Daily Prompt: Person of the Year

You’re asked to nominate someone for TIME’s Person of the Year. Who would it be, and why?

Photographers, artists, poets: show us BIG.


Photo taken four years ago : then aged 94

At first I was not going to do this one. Why? Because there is no person of the year.

Despite this I have a person, but not of the year, of all the years past, present and future: My Dad.

He was born on 24th September, 1915, lived through two world wars, knew hard manual work. This year he will be 98 years old, qualification enough to be Person of all the years.

He has shared many memories with me, mostly making me laugh: very rarely talking about the sad times. At the age of three his mother had his arms around a strange man who had knocked at the door, dressed in an army uniform.

“Who’s that man?” he asked his mum.

“That’s your father” was the answer, so there we have the beginnings. Born to a working class family, his mother swept away from the country by his London born father, he grew up in Stratford,  East End of London. The first born died shortly after her birth, the second was his older sister who lost her leg in the first world war through a bomb that hit the post office center in London where she was working at the time. At the age of 16 she had a false leg and I remember her well until she died in her seventies.

My dad had an elder brother who died at the age of 21 through an accident at work. He was repairing the lift at Lloyds insurance company (where my grandfather was nightwatchman” and fell down the lift shaft. Two weeks later he died. So this was my father’s background.

World War two broke out and like many men of his age at the time, he was called up to service. He fought five years, as a normal soldier, nothing special. Once on leave in London he met a young lady that he married and that was my mum.

After returning from the war he searched for a job. He was not highly educated or had a trade. He could have made the grade at school and done his exams for high school but at that time you needed something that was scarce in our family: money. You had to buy school books and a uniform, so he just worked where he could. His first job was messenger boy in the City of London, but he left because he got fed up with calling all the men in the office “Sir”. Next job was apprentice to a menswear shop as salesmen where he learnt the ins and outs of mens clothing trade. Then the war was approaching so he took a job in the City of London in a hat shop, knowing that he would soon be dressed in field green and fighting for his country.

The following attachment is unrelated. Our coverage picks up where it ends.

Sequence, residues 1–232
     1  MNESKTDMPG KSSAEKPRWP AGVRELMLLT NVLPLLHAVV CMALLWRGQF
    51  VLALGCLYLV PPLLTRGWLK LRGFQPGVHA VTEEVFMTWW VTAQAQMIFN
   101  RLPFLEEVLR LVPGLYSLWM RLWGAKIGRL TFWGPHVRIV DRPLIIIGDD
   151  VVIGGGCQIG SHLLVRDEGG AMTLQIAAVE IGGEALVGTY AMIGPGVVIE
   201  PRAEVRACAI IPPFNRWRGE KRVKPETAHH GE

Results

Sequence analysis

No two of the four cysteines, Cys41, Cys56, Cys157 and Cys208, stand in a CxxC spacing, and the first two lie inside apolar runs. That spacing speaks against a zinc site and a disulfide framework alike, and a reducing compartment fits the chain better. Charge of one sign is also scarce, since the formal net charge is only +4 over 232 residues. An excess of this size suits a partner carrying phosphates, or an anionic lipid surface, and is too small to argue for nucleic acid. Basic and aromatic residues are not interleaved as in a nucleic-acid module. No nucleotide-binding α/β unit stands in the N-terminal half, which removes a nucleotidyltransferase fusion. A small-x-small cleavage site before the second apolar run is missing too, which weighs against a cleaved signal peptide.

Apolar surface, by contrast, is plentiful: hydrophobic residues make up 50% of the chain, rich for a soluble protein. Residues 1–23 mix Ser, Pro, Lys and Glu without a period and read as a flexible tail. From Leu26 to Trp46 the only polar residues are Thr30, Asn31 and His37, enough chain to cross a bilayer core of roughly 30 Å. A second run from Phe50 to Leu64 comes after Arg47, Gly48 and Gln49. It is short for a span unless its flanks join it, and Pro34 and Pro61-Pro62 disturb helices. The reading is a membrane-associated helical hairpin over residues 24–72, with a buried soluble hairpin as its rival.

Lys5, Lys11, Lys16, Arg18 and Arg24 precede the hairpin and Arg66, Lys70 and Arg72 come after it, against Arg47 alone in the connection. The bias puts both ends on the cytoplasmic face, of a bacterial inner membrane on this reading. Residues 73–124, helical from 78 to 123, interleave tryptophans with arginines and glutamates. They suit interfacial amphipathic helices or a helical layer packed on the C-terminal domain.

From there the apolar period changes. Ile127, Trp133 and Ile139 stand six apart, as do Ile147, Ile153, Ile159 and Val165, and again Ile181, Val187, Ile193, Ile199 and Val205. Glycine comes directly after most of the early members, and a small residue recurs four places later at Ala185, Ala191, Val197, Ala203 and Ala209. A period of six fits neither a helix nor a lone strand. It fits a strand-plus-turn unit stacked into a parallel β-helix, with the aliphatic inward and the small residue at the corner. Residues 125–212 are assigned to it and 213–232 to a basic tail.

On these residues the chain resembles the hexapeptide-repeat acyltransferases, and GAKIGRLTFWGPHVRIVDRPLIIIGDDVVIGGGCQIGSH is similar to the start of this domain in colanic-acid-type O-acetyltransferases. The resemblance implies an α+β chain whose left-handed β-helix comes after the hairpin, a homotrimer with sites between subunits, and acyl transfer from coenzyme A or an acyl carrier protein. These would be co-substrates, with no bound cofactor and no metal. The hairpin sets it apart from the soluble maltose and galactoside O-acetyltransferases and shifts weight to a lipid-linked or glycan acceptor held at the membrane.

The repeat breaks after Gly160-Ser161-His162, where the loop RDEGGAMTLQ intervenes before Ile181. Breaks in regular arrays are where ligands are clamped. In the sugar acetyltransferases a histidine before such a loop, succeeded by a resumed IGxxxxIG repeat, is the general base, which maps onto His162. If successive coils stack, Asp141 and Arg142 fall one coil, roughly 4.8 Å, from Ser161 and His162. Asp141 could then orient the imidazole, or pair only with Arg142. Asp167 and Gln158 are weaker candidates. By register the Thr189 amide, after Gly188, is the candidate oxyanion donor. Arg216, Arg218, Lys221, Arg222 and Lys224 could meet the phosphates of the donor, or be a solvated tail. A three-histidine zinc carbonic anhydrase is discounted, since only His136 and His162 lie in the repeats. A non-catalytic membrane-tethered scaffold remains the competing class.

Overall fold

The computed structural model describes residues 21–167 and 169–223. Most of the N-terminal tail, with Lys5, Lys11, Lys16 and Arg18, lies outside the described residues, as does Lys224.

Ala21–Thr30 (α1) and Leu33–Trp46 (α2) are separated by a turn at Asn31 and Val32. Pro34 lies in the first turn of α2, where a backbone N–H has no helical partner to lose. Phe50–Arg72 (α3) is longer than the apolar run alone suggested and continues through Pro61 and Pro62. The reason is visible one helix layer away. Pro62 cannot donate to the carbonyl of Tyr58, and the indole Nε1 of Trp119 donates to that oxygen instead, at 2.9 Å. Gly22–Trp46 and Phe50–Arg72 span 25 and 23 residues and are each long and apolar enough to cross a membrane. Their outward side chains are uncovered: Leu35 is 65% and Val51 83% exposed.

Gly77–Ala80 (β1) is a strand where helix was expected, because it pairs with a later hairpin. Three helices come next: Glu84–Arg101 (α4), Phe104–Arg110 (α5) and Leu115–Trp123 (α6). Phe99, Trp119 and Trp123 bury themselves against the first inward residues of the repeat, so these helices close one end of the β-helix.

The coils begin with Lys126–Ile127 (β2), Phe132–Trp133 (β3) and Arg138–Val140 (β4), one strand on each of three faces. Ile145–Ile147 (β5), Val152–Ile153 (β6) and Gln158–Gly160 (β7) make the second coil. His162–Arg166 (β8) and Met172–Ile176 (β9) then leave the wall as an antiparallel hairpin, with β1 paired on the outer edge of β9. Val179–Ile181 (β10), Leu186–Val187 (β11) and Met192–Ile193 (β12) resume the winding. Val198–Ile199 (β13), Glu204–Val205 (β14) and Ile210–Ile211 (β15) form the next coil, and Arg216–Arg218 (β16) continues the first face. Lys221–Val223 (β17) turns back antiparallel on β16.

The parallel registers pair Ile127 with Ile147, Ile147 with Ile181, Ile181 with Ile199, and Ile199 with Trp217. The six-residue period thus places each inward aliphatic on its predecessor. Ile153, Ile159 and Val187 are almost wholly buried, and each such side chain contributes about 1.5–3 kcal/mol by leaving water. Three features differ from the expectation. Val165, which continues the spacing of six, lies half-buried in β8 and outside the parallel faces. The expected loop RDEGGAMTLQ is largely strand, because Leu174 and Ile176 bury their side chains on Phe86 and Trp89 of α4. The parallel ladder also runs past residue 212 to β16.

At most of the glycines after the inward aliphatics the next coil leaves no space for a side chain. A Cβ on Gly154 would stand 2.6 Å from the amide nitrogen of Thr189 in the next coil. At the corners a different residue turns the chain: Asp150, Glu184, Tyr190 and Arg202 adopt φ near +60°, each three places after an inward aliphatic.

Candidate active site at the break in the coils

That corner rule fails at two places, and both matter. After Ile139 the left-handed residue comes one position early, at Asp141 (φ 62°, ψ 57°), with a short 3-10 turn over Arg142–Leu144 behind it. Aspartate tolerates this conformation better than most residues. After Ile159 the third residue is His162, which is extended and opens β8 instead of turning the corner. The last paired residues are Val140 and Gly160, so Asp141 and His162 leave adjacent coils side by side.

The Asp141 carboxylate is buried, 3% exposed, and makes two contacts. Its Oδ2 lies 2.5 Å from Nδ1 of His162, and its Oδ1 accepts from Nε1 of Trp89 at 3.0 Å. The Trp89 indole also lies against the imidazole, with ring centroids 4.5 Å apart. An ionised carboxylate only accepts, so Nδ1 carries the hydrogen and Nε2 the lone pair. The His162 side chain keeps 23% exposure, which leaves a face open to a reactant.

He was in the heavy artillery and saw quite a bit of the world in the army: Italy, Palestine (as it was then called), France and Germany. When he returned to London he married two days later. He had only seen my mum once during the war, but they had corresponded, although most of my dad’s letters had broad black stripes where they had been censored by the War Department before being sent.

His first job after the war was on the London railway, nothing special, just doing the jobs that were called for. Afterwards he worked for many years in a cigarette factory, Kensitas, until a colleague told him to apply at Ford’s motors for a job. He did and that was the job he had longest. He was in the wheel department.

He is my dad. Took me up to London to visit the museums, showed me the City of London which he knew in detail, went to a couple of football matches with me (West Ham United was our team) and was always there for me. He was always joking, telling stories, and had a good singing voice. In his army days he often performed for his regiment with two other good friends he had at the time and they won a few singing competitions.

He loves a party, dancing and singing all the time and just being my dad.

Today things are quieter. He is still 200% there, we still have arguments and he knows exactly what is going on. I live in Switzerland, he lives in London, but I go to London once a year to see him and if necessary I would be there within a day. He now lives on his own, my mum passing on almost thirty years ago. Afterwards he had a “girlfriend” that lived opposite, but at the age of 95, she died. I have no brothers or sisters. Thanks to a super neighbour, who was once a carer for older people, his needs are looked after. I also have a good school friend that lives near to his house and she often looks in on him and deals with things for him. My dad can no longer go out for walks; his legs are not the best any more. He can still get around at home and manages to cook his lunch (being delivered by a special company that caters for food at home), but he can only manage a walk to the kitchen or the bathroom and not more.